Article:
Off The Wire
Red-hot U.S. economy ignores global cooling - for now
BRUSSELS (Reuters) - The two best performers among the Group of Seven economies in the third quarter almost certainly took separate paths in the fourth, as Britain suffered a Brexit reality check, while the United States sailed on despite the trade war it has sparked.
The world’s largest economy is expected to have grown by an annualized 2.6 percent in the final three months of 2018. Even if that is down from the 3.4 percent of the third quarter, it is still a healthy clip.
A first estimate should have been released by now, but the U.S. Bureau of Economic Analysis said on Thursday the release had been pushed back to Feb. 28 due to the government shutdown.
Forecasts though equate to a quarterly 0.6 percent, triple the growth rate of the euro zone in the same period. Growth in China, while far higher, cooled to a 28-year low in 2018. Japan, the world’s third largest economy has yo-yoed between contraction and expansion throughout the year, with a 0.4 percent growth reading seen for Thursday.
Harm Bandholz, chief U.S. economist at UniCredit, says that despite unstable politics in Washington, two factors explain why the U.S. economy is one of very few holding up well in recent months - massive stimulus mainly from tax cuts and the fact that it is relatively closed and not dependent on foreign trade.
In the very short term, the government shutdown, which could resume next Friday, and the polar vortex of late January could rein in first quarter expansion.
Longer term though, even the Federal Reserve has become more hesitant, signaling last month at least a pause to its monetary policy tightening due to a cloudier outlook and growing risks.
The labor market is still glowing, but the impact of tax cuts will fade and the nation will hit a debt ceiling in March, which could ultimately lead to a debt default.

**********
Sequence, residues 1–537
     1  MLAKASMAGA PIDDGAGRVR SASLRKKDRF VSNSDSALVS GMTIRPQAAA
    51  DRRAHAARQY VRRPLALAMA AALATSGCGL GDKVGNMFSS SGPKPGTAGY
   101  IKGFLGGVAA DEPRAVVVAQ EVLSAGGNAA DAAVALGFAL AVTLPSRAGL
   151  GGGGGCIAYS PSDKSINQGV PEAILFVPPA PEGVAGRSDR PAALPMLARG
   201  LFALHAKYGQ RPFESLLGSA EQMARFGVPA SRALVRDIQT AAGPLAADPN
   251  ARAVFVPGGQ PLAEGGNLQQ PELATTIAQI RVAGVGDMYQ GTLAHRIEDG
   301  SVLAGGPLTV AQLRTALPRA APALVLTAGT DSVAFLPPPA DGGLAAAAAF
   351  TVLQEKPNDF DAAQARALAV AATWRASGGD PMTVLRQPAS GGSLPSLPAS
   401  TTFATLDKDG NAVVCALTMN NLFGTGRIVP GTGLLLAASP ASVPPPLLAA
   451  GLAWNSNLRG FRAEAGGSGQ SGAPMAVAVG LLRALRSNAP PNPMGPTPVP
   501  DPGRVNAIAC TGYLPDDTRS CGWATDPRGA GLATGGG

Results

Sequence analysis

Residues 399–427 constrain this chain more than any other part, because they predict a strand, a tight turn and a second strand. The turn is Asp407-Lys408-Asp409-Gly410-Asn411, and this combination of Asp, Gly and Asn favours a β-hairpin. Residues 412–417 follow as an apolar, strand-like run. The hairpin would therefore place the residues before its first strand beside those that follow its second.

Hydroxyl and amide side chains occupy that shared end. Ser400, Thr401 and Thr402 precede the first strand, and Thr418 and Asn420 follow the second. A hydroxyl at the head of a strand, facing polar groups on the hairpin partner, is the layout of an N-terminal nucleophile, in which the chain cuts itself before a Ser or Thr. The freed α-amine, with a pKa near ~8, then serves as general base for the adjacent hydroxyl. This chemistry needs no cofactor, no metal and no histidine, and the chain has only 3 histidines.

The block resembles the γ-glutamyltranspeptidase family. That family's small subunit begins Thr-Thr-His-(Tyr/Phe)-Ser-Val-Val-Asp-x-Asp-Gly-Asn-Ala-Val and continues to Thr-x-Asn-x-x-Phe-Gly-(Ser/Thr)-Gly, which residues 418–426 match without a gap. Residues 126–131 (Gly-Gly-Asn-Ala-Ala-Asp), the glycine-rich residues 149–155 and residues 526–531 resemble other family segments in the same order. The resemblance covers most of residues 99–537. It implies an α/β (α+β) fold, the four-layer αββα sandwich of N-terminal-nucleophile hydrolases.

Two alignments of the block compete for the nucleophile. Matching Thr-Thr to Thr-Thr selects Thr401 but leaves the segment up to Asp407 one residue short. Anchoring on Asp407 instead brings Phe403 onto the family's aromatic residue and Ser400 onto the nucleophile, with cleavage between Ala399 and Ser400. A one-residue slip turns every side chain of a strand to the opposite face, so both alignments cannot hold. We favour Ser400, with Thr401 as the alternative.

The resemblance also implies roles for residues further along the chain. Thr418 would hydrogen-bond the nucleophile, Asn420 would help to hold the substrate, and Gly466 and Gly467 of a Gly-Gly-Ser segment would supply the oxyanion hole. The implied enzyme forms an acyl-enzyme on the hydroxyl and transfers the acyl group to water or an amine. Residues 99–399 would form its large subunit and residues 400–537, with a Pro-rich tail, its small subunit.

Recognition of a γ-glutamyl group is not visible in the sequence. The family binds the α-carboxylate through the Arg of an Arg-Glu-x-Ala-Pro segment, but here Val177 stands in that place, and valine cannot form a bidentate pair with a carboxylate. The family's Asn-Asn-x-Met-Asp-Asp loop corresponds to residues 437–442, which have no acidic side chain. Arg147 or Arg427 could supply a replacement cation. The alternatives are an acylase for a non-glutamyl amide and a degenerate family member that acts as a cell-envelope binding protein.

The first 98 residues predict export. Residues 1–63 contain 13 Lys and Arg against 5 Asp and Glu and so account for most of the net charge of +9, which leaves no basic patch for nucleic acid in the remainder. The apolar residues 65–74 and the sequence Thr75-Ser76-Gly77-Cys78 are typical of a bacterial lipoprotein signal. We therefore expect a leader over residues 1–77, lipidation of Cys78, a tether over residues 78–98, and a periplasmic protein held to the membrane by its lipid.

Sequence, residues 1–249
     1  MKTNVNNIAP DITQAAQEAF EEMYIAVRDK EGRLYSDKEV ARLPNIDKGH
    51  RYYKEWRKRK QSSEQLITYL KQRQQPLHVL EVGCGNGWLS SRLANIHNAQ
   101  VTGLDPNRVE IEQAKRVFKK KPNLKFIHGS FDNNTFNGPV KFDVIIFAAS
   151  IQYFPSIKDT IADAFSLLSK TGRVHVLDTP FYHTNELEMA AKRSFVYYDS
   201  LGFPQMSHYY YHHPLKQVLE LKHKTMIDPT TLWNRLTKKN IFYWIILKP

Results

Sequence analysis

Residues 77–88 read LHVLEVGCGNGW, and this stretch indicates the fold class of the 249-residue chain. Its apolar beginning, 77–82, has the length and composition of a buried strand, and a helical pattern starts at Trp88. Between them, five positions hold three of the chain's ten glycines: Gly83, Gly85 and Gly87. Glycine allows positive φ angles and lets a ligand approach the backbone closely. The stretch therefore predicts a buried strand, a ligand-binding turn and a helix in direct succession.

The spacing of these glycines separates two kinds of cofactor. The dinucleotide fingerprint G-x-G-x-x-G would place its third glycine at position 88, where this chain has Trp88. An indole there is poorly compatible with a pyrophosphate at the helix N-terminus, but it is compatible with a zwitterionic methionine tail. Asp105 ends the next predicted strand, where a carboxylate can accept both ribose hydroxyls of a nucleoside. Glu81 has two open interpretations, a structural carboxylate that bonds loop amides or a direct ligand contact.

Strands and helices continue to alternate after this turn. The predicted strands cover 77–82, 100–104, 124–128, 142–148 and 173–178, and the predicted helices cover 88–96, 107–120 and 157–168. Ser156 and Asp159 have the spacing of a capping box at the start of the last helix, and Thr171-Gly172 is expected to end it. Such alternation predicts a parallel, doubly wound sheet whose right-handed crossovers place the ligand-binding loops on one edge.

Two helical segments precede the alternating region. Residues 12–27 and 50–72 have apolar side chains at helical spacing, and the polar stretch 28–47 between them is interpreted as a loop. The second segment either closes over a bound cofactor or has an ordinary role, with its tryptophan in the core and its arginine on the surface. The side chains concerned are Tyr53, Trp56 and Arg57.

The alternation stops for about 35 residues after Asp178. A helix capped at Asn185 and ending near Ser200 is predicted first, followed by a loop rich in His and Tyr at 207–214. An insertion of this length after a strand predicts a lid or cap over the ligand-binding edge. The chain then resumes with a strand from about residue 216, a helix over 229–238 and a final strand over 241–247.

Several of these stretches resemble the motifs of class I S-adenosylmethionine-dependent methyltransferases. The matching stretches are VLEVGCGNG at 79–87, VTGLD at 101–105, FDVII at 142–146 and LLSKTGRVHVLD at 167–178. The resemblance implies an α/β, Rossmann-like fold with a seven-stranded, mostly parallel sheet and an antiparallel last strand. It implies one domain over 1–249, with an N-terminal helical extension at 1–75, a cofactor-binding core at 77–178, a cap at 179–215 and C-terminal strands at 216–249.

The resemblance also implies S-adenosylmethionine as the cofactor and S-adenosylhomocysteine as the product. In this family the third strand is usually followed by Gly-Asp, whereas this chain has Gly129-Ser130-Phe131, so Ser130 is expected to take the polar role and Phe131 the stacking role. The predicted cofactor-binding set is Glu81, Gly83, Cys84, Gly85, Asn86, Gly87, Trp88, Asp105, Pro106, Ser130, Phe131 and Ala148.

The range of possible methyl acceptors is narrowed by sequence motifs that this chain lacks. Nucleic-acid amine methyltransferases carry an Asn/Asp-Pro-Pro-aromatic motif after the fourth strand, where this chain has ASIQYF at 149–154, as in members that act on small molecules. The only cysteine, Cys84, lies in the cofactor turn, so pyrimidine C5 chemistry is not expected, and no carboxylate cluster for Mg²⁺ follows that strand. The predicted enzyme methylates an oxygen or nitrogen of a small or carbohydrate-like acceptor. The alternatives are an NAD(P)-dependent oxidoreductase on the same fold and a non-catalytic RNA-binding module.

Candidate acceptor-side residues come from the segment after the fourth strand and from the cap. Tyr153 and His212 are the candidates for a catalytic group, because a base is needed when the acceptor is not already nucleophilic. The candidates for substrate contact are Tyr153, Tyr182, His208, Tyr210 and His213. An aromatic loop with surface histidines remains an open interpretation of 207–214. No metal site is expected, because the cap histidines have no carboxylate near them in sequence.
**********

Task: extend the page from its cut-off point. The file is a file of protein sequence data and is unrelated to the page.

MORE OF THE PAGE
UniCredit’s Bandholz says slower growth could expose the very high debt of corporates, weakening investment spending and possibly spilling over into other parts of the economy.
“All these factors combined will be enough to push the U.S. economy into a mild recession in 2020,” he said.
For now, U.S. strength in the face of economic slowdowns elsewhere may well be helping President Donald Trump’s trade push.
Trump said on Thursday he did not plan to meet Chinese President Xi Jinping before a March 1 deadline set by the two countries to achieve a trade deal.
Other countries, notably Germany, are awaiting a Commerce Department report due Feb. 17 on whether auto imports are security risk. Bank of America Merrill Lynch wrote on Friday that this should not in the end lead to tariffs, although believes “some brinkmanship” is likely.
HOT SUMMER, COLD BREXIT WINTER
Across the Atlantic, Britain enjoyed its fastest economic upturn since late 2016 during the third quarter, spurred by a surge in consumer spending over an exceptionally hot summer and England’s surprise passage to the semi-final of the soccer World Cup.
However, fourth quarter growth is seen at only half that 0.6 percent rate.
The Bank of England said on Thursday Britain faces its weakest economic growth in a decade this year as “the fog of Brexit” causes tension and the global economy slows.
It follows Tuesday’s release of the IHS Markit/CIPS UK Services Purchasing Managers’ Index (PMI), which fell to its lowest since July 2016, showing the world’s fifth largest economy stalling or contracting, with firms in services reporting jobs cuts for the first time in six years.
James Smith, economist at ING in London, said the British economy should normally mirror what was happening in the United States, partly because of its greater services base, but that had not been the case in 2018.
“Sure, there’s a bit of a global element and on the manufacturing side, the fact that euro zone demand has slowed has had an impact, but really Brexit is the main story here,” he said.
British Prime Minister Theresa May is due to report back to the UK parliament next week after securing at least a pledge of renewed talks from a day trip to Brussels.
Parliament will then hold a debate on Thursday, which could see attempts to shift control of the process away from government and give parliament a chance to define Brexit.
For the euro zone, the initial estimate on growth is already out, but the German figure is only due on Thursday, when data is expected to show Europe’s largest economy narrowly avoided a technical recession by eking out 0.1 percent growth in Q4.
Euro zone industrial production figures due the day before, on Wednesday, will also be watched closely by markets keen to know the depth of the region’s decline.
Reporting by Philip Blenkinsop, Editing by William Maclean